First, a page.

The Newport Beach City Council is expected to consider new regulations Tuesday regarding boats used as residences and new guidelines for docking.

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The new definition of a live-aboard, which is someone who lives on a boat or small yacht, will include the use of a vessel for residency while moored “for a period exceeding 72 hours in any 30 day consecutive period.” It also includes docking the vessel in a commercial marina for 180 days or more in a year-long period, according to a staff report

The change is being considered to resolve the disparities between the definition of a live-aboard and its effect on commercial marinas, according to the staff report. 

In addition, the report states that no person owning or leasing a vessel can anchor it in any of Newport Harbor’s public anchorage areas or the Pacific Ocean unless a person occupies the vessel throughout the night and during the day, with the exception of one trip to shore for less than three hours.

No vessel can be docked in the harbor or the Pacific Ocean if the location is within 500 yards of a designated protected swimming area for more than 72 hours within 30 days, according to the ordinance to amend the city’s municipal code before the City Council Tuesday.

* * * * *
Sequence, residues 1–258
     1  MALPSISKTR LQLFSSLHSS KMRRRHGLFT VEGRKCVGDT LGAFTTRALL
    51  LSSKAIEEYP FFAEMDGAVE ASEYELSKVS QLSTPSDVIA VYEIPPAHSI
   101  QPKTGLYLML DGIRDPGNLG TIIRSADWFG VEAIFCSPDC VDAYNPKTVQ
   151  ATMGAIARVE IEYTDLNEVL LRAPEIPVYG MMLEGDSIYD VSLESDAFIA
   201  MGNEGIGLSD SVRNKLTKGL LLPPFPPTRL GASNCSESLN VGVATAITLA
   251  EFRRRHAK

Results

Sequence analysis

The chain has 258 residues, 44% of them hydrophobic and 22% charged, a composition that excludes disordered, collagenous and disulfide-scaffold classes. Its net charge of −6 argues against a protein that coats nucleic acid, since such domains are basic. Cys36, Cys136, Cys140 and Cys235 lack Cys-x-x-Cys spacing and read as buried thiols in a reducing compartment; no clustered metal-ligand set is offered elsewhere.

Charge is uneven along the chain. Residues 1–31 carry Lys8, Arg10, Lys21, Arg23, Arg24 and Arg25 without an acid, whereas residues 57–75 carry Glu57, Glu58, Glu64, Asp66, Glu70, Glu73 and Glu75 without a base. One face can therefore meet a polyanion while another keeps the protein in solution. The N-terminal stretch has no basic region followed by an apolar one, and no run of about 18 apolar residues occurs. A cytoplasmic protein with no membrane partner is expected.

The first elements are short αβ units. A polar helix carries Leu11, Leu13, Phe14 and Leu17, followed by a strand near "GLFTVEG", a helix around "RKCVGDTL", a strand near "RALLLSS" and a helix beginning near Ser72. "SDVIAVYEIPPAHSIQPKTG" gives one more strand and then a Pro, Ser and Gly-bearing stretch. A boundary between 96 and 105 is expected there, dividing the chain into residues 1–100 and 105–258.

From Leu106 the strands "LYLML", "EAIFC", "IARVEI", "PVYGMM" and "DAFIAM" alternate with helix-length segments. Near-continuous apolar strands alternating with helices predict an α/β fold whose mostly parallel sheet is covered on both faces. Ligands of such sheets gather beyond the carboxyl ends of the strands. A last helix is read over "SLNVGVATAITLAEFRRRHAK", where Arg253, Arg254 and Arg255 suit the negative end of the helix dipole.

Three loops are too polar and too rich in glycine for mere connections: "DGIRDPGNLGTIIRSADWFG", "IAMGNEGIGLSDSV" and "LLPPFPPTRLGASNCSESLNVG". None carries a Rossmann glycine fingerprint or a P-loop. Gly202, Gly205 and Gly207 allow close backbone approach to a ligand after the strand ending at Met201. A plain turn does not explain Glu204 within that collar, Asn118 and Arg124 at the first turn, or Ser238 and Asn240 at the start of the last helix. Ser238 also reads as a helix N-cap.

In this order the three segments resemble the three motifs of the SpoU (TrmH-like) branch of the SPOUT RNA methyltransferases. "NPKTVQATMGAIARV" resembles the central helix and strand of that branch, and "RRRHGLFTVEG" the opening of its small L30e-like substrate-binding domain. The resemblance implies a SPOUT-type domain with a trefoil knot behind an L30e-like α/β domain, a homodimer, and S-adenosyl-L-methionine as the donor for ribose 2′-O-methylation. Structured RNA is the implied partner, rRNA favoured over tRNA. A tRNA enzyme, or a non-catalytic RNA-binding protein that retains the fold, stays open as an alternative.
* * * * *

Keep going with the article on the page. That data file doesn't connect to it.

The harbormaster will determine if a vessel is anchored at an undesignated area and has the power to move it. 

When deciding what boats need to be moved, “the needs of commerce, the utilization of [ports and marinas], the use of channels for navigation, and the economy of space” will be prioritized, according to the ordinance. 

These new rules are designed to “promote public health, safety, and welfare,” as well as mitigate any adverse impacts or disruptions to others’ use of Newport Harbor, the document states.

The City Council meets Tuesday at 4 p.m. at 100 Civic Center Drive. Due to COVID-19, the council chambers remain closed to members of the public. Click here to see how you can participate.

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